 Ventricles and central canal
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PNS divisions
 Somatic nervous system
 Sensory neurons (afferent) receive stimuli such as
heat, vision, smell, taste, hearing, touch and transmit
to CNS
 Motor neurons (efferent) control skeletal muscles –
voluntary
 Autonomic nervous system
 Predominantly composed of motor neurons (efferent)
control smooth muscles, cardiac muscles and glands
– involuntary
 Sensory neurons (afferent) detect internal body
conditions
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 Efferent nerves of autonomic further divided
 Act on same organs with opposing actions
 Sympathetic division
 “fight
or flight”
 Increased heart rate, faster breathing

 Parasympathetic division
 “rest
and digest”
 Slow heart rate, promote digestion

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Hindbrain
 Medulla oblongata
 Coordinates many basic reflexes and bodily
functions that maintain the normal
homeostatic processes of a person
 Involved in the control of heart rate, breathing,
cardiovascular function, digestion, swallowing,
and vomiting
 With pons and areas of the midbrain,
collectively called the brainstem, contain
additional nuclei (groups of cell bodies) whose
axons project dorsally to many other parts of
the brain
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Hindbrain
 Cerebellum and pons
 Responsible for monitoring and coordinating
body movements
 Pons serves as relay between cerebellum and
other areas of the brain
 Overall function of cerebellum to maintain
balance and coordinate hand-eye movements

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Midbrain
 Forms part of the reticular formation
 Processes several types of sensory
inputs, including vision, smell, and hearing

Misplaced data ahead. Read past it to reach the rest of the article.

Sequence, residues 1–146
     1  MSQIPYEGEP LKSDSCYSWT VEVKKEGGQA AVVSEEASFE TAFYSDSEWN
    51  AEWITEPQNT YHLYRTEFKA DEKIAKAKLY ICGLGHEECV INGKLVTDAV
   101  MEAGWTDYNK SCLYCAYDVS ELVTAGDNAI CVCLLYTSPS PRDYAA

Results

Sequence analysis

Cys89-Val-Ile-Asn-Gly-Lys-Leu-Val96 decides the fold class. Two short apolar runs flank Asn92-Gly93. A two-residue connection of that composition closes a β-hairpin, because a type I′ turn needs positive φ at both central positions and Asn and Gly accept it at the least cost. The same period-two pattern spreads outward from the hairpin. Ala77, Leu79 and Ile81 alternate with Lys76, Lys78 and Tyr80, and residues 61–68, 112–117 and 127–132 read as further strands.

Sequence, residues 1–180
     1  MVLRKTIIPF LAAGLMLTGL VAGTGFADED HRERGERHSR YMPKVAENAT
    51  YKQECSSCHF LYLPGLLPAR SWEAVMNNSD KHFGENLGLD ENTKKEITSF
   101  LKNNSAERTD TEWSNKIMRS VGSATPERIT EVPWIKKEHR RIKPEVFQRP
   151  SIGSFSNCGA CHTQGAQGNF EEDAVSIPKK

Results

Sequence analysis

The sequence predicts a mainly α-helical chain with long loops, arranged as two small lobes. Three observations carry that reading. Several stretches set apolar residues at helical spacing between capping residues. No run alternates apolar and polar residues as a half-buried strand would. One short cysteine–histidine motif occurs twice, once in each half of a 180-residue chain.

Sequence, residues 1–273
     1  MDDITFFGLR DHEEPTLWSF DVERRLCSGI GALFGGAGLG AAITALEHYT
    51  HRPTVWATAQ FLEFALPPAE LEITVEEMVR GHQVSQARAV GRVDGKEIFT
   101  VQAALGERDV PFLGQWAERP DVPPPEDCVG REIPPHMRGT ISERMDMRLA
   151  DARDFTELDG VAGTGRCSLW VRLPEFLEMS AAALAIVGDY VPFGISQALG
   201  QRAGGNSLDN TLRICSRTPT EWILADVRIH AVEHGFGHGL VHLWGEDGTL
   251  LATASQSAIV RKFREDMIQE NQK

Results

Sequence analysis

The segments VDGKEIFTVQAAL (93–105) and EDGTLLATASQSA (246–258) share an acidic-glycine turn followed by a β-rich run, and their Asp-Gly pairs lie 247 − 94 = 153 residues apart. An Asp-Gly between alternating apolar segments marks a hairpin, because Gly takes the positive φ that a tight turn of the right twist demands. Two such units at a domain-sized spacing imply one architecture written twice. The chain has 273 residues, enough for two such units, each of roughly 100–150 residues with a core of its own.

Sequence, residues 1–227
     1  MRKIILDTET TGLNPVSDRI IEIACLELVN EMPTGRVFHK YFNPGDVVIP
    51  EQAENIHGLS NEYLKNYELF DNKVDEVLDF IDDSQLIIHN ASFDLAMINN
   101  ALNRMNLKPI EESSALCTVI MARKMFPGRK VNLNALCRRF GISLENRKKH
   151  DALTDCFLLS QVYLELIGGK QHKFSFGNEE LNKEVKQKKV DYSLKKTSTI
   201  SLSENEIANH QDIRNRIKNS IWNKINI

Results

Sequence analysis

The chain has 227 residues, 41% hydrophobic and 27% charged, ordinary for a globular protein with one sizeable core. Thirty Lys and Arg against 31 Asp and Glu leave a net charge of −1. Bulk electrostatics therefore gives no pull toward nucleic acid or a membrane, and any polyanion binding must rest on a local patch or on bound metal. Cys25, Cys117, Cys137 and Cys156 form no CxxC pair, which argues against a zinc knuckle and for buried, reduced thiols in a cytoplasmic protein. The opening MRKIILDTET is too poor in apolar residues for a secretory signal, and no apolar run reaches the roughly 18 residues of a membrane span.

 Tracts that pass this information to other
parts of the brain for further processing
and interpretation

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Forebrain
 Thalamus and
hypothalamus
(diencephalon)
 Cerebrum
(telencephalon) –
basal nuclei, limbic
system and cerebral
cortex

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Forebrain
 Thalamus
 Major role in relaying sensory information to
appropriate parts of the cerebrum and, in turn,
sending outputs from the cerebrum to other parts of
the brain
 Receives input from all sensory systems
 Hypothalamus
 Major role of production of hormones regulating
pituitary gland which regulates hormone secretion
from other glands

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Forebrain
 Basal nuclei
 Involved in planning and learning movements
 Involved in initiating or inhibiting movements
 Affected in Parkinson disease

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 Limbic system
 Not all agree on members of limbic system
 Primarily involved in formation and expression of
emotions
 Role in learning, memory, and perception of smells
 Amygdala – understand and remember emotional
situations, recognize emotional expressions in others
 Hippocampus – establish memories for spatial
locations, facts, and sequences of events

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Forebrain
 Cerebral cortex
 Surface layer of gray matter on the cerebrum
 Neocortex layer evolved most recently in
mammals with only 6 layers of cells
 Contains 10% of neurons in the brain
 Sensory and motor information integrated
 Initiation of voluntary acts, generation of
speech, learning, memory, and production of
emotions
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 Frontal – conscious thought and social
awareness
 Parietal – attention and making association
between events and incoming information
 Occipital – vision
 Temporal – language, learning, and some
types of memory

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 Sensory inputs come
into the cortex and
motor outputs leave
the cortex in areas
that stretch like a map
 Amount of space
proportional to
sensitivity or number
of muscles
 May change
depending on use or
disuse of body part

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 Cerebral hemispheres connected by
corpus collosum
 Severing connection used in the past to
treat severe epilepsy
 Hemispheres can function independently